Thu 27 Oct | Live Science

10 interesting facts about heroin

Barry Lester, professor of psychiatry and human behavior, comments on heroin addiction among newborns in a feature about interesting facts on the drug. "This is not only true for a woman who has used heroin during pregnancy, but it could also apply to any opiate drug, such as a mother who has been taking methadone (a synthetic opiate used to withdraw from heroin) or prescription opiates," said Lester, a national expert on prenatal drug exposure.
Wed 26 Oct | Spectrum News

Many children rely on emergency room for psychiatric care

Thomas Chun, associate professor of emergency medicine, comments on meeting the psychiatric needs of patients in emergency rooms. “We are the wrong site for these patients, and they have very important, very special needs. Our crazy, chaotic environment is not a good place for them,” Chun said.
Wed 26 Oct | Mother Nature Network

Seven products you should buy generic

In a rundown about when to pay a little extra for name brand products, the article cites a research paper co-authored by Brown University professor Jesse Shapiro that found generic over-the-counter and prescription drugs were equivalent to their higher-end counter part.
Tue 25 Oct | The Providence Journal

Working out for a cause

With a rally cry of “Raise the bar, raise the hope,” members of the Brown University football team, with support from their fellow students and the community, hosted a “Bench Press for Cancer” event on the school’s main green on Monday.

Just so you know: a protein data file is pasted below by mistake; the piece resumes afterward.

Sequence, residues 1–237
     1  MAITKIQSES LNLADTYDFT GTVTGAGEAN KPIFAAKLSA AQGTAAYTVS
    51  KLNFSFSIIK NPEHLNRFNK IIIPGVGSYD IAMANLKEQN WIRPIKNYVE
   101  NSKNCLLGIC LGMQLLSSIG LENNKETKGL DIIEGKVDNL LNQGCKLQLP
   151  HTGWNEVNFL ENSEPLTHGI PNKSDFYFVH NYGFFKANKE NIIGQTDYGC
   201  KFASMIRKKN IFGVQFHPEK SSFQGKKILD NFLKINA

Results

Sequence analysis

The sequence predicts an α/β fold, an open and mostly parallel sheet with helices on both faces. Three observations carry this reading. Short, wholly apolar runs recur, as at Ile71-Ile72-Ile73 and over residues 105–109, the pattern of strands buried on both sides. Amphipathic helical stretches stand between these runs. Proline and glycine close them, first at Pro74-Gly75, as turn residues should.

Tue 25 Oct | Network World

How robots will teach each other with data

Brown University professor Stefanie Tellex has a unique approach to the thorny problem of robot grasp that could eventually lead the way for robots that can move objects the same way as humans.
Tue 25 Oct | Providence Business News

Brown debuts Data Science Initiative

Building on the school’s strong mathematical and computational science programs, Brown University has launched the Data Science Initiative, focused on big data, that will lead to new research opportunities and includes a new master’s program.
Tue 25 Oct | Time

How web cams helped bring down the internet, briefly

Following a massive denial-of-service attack that effected the likes of Netflix, Twitter and Reddit on Friday, cybersecurity expert Timothy Edgar describes the scope of future cybersecurity threats and the feasibility of forcing organizations to take responsibility.
Tue 25 Oct | Chalkbeat

Tennessee students more likely to be suspended if they’re black boys — or live in Memphis

New data indicates that school suspensions in Tennessee are more likely to occur in schools with a high concentration of black students. The article notes that almost every school in Metropolitan Nashville Public Schools adopted a restorative justice approach with districtwide help and resources from Brown University’s Annenberg Institute for School Reform, which has reduced racial disparities in discipline.
Mon 24 Oct | Convergence RI

Ignoring lead poisoning may be harmful to your political future